The Doom Skeptron
I never really took notice in Desecresy until the recent surge of interest in old school Finnish death metal. Formed from the ashes of the equally excellent Slugathor, Desecresy continues their chaotic onslaught, with The Doom Skeptron being their second full length release.
And The Doom Skeptron hits the listener like a fucking juggernaut, making this album, this band sound like a worthy follow up to what Slugathor had created before. Sure, the influences from other classic Finnish legends such as Depravity and Convulse are rather clear, but the dark and suffocating atmosphere and trem-picked riffs with the crushing guitar tones are all rather reminiscent of bands like Incantation. In particular, the buildup on the intro of songs like Forged from Chaos easily remind one of bands like Witchrist and Ignivomous. Apart from the rhythmic section that help to emanate that sinister mood, the lead guitar lines of Tommi also help to reinforce that haunting overtone in the music, and while speed and flamboyance are not of particular importance here, the lead guitar lines easily send a chill down the listener’s back. These also often help to build the climax in the track, before allowing all hell to break loose on the listener.
The ominous growl of the bass also help in creating a fuller sound on the record, further intensifying the already crushing impact of The Doom Skeptron, especially on tracks like The Sceptre of Damnation, with the band displaying their doom influences in full glory. In fact, the bass lines are one of the more interesting things on the album, at times even providing an odd, contrasting sense of calm despite the tension that it provides to the songs, like on Vortex Unwinding.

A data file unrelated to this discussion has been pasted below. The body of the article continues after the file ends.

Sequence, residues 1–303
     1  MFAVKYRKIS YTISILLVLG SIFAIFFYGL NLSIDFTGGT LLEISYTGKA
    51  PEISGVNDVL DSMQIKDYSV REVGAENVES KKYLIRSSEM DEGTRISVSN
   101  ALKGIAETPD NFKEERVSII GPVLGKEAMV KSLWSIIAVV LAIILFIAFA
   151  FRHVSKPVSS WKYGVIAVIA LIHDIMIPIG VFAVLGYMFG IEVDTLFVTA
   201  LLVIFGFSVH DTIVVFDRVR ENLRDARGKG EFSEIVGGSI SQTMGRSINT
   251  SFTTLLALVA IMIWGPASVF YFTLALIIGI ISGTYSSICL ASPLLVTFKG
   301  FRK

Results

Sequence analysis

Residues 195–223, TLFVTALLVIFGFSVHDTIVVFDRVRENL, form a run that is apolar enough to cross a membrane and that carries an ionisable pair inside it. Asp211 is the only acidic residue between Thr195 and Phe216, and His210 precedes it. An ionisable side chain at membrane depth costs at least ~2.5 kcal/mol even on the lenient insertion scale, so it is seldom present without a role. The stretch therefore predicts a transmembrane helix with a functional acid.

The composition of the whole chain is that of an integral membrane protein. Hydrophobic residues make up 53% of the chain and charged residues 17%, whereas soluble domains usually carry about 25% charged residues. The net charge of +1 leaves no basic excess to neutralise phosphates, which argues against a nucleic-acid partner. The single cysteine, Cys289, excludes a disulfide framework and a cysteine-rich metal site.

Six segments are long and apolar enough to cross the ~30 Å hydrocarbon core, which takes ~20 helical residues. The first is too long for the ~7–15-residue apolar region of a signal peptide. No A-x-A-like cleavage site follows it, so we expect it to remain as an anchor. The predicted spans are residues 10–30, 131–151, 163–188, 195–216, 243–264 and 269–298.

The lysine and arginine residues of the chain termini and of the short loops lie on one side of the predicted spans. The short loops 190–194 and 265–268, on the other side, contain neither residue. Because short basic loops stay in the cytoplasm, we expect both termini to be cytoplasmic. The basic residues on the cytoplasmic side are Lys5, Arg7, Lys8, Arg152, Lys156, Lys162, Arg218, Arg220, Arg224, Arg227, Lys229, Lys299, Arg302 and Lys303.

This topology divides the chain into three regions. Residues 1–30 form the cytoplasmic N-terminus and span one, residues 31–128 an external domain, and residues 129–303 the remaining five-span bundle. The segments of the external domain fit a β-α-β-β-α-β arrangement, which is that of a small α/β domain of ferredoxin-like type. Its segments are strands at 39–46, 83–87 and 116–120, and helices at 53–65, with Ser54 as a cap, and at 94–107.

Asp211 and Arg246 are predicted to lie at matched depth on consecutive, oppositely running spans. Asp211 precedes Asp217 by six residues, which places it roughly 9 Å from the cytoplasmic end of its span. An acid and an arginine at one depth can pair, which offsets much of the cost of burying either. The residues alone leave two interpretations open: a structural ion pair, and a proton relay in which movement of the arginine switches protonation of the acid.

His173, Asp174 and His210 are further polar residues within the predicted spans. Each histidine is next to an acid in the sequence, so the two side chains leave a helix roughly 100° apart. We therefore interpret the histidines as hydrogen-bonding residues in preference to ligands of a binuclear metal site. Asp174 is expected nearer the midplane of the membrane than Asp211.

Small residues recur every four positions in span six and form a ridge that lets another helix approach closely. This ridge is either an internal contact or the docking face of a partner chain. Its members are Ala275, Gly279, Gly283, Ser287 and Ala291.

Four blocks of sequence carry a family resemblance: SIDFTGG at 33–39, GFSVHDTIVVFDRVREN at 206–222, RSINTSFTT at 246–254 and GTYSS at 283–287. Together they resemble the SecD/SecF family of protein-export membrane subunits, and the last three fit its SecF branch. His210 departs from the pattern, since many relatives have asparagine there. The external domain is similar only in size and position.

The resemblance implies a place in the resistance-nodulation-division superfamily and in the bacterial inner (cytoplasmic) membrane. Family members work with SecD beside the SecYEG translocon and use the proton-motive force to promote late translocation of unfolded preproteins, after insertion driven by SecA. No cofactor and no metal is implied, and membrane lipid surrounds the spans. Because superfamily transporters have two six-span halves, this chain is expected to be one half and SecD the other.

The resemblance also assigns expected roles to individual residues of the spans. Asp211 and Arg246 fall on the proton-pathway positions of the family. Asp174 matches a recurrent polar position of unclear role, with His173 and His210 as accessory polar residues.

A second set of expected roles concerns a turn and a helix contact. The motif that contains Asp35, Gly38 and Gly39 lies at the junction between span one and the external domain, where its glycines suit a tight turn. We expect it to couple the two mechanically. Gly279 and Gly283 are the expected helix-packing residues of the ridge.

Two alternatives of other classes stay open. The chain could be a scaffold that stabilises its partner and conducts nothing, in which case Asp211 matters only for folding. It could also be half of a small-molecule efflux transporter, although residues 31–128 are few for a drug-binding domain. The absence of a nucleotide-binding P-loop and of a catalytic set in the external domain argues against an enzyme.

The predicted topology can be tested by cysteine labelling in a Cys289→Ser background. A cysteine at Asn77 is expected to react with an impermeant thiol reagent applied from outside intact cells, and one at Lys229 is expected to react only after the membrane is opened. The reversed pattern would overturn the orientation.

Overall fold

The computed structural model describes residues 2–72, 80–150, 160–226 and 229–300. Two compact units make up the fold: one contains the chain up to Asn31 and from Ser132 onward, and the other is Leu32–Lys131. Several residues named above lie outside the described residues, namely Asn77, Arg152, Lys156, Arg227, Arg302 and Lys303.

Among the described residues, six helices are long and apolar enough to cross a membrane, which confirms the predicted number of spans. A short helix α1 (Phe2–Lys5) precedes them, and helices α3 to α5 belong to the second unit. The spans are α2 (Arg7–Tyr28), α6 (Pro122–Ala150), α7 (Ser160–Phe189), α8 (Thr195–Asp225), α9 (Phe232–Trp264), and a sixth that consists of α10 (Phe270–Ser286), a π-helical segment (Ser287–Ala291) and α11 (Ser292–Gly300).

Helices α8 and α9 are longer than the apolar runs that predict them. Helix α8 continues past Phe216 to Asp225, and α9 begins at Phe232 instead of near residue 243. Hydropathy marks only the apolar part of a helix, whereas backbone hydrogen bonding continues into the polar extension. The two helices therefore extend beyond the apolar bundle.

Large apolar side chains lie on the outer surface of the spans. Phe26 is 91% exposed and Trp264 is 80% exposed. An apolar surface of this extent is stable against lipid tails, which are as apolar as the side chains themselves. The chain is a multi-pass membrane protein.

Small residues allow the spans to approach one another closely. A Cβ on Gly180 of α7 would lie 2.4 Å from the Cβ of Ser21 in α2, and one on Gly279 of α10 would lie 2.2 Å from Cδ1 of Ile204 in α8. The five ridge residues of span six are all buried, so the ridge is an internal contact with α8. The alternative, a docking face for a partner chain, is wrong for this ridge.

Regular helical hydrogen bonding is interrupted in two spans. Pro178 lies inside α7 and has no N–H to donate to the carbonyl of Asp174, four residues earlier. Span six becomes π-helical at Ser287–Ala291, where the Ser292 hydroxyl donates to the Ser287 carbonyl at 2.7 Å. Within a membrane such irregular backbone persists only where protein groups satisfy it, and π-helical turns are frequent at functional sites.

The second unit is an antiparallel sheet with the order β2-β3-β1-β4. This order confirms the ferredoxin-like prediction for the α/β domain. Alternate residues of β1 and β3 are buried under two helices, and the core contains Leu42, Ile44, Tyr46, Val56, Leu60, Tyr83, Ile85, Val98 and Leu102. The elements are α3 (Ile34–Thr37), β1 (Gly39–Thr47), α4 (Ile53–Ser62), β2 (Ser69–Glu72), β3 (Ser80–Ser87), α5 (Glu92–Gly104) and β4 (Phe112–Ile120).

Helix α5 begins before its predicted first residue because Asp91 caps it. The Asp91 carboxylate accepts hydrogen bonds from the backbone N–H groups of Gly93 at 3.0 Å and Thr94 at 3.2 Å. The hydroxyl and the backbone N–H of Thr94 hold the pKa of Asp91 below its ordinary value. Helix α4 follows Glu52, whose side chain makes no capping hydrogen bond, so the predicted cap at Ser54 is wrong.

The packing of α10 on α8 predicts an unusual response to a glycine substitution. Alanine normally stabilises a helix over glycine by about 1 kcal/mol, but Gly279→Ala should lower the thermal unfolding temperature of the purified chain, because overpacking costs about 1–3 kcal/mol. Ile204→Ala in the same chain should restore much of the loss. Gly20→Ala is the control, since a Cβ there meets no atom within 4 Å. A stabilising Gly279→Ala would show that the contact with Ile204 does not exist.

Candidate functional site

The band’s chemistry is also evident, with the tightness that the duo display in the execution of their brand of crushing old school death metal, like on that percussive segment on songs like The Sleep of Titans. The Doom Skeptron often moves at an excruciatingly slow pace, and even with double bass pedals abound, the songs progress rather slowly, allowing for the full weight of Desecresy‘s art to sink into the listener, making short tracks like The Sceptre of Damnation feel like an eternity, let alone the album closer, the 7-minute The Solemn End.
For a deeply unsettling listening experience, Desecrsy‘s The Doom Skeptron is certainly recommended, being one that will please fans of classic Finnish old school death metal as well.